Mamiya Press; A Medium Format Rangefinder Camera

sorcadmin's picture

There were two models of the versatile Mamiya Press medium format rangefinder cameras in the 1960s and '70s, the Universal Press and the Press Super 23. These cameras were designed to be more compact and in many respects more versatile than the bellows type 4x5 and 2x3 press cameras of that era, such as the Speed Graphic, Busch Pressman, and Linhof Technica. The main competition included the very similar looking Graflex XL and XLRF and the Linhof Press 70 rollfilm cameras, which also had interchangeable lenses and rollfilm backs. The Mamiya interchangeable lenses all coupled to the camera's internal rangefinder for accurate focusing and their bayonet mounts mated directly to the large opening in the body, making a more rigid and rugged camera. To compensate for the typically inaccurate viewfinders found on most rangefinders, the Mamiyas had etched markings in the viewfinder that indicated the field covered. These moved as the lens was focused to provide a more accurate representation of the exact area that would record on the film.

The boxy shaped Mamiya Universal Press made a formidable medium format camera with its removable rollfilm back and interchangeable lens system. It's shown here with the accessory pistol side grip that has a trigger shutter release via a cable release to the front blade shutter and the wire sports finder in the accessory shoe on the top of the body.

The Universal Press is basically a square metal box with a large circular opening on the front for the interchangeable lenses and a large square opening in the back, which accepted a variety of rollfilm backs or a Polaroid instant print film back. The top of the box contains a built-in, eye-level viewfinder and a removable pistol grip that attached to the left side. Put all the components together and you had a formidable and versatile medium format camera, light enough for handheld photography or use in the studio on a tripod.

There were 12 different Mamiya Sekor lenses, ranging from 50mm wide angle up to 250mm telephoto. Since some focal lengths had 2-4 versions with varying maximum lens apertures and either chrome or black finish, there were actually only seven different focal lengths: 50, 65, 75, 100, 127, 150, and 250mm. Filter sizes ranged from 40.5-105mm. The broad, impressive system included a selection of 120/220 roll backs, cut film and film pack backs, and, for the Universal Press model only, a Polaroid pack film holder. The system included several very helpful side grips, optical finders for the wider angle lenses, wire frame sports finders, and mounting brackets compatible with common flash guns of the era. For close-up work there were both extension rings for use between the lens and body plus spacer sets to extend the back and a focusing hood with a ground-glass back for the precise focusing and composition, needed when doing close-ups.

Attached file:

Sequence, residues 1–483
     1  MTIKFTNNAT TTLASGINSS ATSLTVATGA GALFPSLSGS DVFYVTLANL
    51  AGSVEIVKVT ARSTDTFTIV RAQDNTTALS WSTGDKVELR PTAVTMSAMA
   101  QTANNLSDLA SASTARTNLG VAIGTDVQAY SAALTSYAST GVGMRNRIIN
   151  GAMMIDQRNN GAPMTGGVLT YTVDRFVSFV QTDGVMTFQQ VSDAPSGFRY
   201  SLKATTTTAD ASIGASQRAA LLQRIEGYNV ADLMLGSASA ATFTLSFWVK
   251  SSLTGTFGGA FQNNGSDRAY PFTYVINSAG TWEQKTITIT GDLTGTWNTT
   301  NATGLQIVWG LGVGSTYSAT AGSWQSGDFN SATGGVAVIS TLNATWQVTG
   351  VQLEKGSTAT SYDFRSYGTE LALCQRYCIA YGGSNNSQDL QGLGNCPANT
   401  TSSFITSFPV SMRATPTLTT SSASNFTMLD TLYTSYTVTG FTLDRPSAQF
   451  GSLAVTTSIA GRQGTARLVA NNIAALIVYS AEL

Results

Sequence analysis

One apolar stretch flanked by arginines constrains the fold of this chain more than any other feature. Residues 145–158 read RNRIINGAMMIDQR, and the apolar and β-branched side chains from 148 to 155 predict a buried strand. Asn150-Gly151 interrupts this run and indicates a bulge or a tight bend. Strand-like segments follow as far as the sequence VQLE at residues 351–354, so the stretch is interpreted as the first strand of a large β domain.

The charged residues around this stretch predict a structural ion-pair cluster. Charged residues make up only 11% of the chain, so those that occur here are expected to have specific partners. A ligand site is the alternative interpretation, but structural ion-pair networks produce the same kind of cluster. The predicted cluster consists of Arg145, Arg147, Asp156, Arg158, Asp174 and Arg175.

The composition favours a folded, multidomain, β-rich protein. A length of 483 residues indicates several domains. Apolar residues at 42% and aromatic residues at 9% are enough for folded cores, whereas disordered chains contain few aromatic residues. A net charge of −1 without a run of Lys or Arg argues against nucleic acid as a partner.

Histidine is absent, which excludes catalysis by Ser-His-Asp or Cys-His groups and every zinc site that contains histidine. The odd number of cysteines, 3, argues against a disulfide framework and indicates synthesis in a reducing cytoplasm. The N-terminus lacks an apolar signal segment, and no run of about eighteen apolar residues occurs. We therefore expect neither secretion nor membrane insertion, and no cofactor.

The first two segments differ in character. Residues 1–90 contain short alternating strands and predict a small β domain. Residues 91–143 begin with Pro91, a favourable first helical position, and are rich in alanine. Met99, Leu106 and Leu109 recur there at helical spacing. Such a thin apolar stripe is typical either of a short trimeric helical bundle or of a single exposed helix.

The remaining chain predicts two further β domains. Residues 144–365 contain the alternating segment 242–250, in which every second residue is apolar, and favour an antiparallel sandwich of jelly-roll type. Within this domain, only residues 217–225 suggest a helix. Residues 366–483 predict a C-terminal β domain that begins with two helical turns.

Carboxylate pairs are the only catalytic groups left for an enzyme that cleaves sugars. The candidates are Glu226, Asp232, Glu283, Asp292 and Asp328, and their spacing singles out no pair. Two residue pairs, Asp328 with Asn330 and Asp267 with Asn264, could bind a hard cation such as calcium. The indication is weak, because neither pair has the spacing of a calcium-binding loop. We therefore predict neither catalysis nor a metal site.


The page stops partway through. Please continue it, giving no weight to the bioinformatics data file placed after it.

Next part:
This camera came from the era when all cameras were completely manual in operation, thus the user had to be knowledgeable and adept at making needed adjustments. Metering was done either with a handheld light meter, or by estimating the lighting conditions and setting the exposure. Fortunately, the black and white and color negative films used back then were forgiving in exposure latitude, so some exposure error still resulted in a usable negative.

The large bayonet mount on the front of the Mamiya Universal Press accepts any of the seven different focal length lenses offered. From left to right in front of the camera body are the 150mm f/5.6, 100mm f/3.5 (normal), and the 50mm f/6.3 wide angle. Each lens has its own Seiko blade shutter.

Each of the bayonet mount, interchangeable lenses coupled to the camera's built-in rangefinder for precise focusing. The camera's viewfinder had internal masking adjustable for the more common 100mm (normal), 150mm, and 250mm telephoto lenses; for each of the three wide angle lenses an external viewfinder that fit onto a shoe on the top of the camera was needed for more accurate composing. The actual size of the camera's viewfinder view never changed; instead bright marks that vividly show in the viewfinder indicate the four corners of the field of each lens.

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shanei123's picture
It looks old to me and

It looks old to me and filmed-camera are not 'in' today. But comparing this to other cameras that are still using film, I think this one is much better. - Instant Tax Solutions Scam